Hydraulic fracturing — the controversial process behind the spread of natural gas drilling — is enabling oil companies to reach previously inaccessible reserves in North Dakota, triggering a turnaround not only in the state’s fortunes, but also in domestic energy production. North Dakota now ranks second behind only Texas in oil output nationwide. The downside is waste — lots of it. Companies produce millions of gallons of salty, chemical-infused wastewater, known as brine, as part of drilling and fracking each well. Drillers are supposed to inject this material thousands of feet underground into disposal wells, but some of it isn’t making it that far.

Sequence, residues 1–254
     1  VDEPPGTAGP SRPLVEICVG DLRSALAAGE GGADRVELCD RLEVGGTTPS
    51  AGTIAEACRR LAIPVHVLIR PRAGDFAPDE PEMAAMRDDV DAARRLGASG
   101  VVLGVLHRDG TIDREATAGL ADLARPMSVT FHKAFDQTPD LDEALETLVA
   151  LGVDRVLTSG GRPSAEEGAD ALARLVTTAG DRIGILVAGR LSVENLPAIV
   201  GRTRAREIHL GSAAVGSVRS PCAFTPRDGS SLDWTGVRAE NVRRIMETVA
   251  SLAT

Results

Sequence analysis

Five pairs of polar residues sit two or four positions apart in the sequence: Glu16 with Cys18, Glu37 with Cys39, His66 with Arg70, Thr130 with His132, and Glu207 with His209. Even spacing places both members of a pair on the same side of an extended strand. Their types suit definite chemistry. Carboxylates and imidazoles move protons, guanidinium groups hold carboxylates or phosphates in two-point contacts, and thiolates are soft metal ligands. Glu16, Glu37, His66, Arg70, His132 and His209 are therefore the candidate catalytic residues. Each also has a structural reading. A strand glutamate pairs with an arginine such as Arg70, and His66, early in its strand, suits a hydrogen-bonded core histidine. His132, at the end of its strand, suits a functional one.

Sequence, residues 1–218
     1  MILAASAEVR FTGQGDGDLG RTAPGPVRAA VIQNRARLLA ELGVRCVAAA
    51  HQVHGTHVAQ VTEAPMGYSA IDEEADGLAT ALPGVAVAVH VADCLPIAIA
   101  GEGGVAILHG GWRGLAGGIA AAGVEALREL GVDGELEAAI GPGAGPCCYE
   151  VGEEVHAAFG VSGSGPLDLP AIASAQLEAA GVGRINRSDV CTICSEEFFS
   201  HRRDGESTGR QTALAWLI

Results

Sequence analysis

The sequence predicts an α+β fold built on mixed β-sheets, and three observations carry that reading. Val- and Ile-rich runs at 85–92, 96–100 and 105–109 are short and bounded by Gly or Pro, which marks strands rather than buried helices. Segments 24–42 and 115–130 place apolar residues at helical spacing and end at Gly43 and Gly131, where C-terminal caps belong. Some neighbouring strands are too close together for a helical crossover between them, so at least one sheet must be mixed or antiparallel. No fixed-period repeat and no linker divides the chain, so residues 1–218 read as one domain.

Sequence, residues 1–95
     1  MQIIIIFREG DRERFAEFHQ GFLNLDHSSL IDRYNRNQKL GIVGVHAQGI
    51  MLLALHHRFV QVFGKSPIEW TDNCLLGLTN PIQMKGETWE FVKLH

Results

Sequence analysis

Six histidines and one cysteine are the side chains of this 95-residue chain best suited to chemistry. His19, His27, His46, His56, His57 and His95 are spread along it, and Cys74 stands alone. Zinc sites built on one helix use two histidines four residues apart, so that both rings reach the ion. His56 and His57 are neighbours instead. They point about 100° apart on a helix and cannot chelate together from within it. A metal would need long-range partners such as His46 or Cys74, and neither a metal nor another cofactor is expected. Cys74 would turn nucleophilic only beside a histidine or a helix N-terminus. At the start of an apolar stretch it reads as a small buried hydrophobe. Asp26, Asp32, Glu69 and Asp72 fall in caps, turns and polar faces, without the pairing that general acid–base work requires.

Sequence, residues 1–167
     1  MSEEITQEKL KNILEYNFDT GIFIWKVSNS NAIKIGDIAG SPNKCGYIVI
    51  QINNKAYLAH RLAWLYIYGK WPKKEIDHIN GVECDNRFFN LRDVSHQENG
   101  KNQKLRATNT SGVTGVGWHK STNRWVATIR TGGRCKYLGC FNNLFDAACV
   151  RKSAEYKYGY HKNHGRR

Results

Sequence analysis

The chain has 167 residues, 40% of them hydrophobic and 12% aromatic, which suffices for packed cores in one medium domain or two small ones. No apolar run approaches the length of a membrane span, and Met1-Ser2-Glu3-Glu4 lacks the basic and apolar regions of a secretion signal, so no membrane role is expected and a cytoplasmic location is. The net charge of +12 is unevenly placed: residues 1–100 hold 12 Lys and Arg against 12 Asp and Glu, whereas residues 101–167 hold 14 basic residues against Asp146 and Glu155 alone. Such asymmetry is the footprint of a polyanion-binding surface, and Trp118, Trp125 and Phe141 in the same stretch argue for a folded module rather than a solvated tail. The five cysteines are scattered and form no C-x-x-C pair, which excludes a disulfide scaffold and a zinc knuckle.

Indian Country weighs bans on fracking
By Talli Nauman
Native Sun News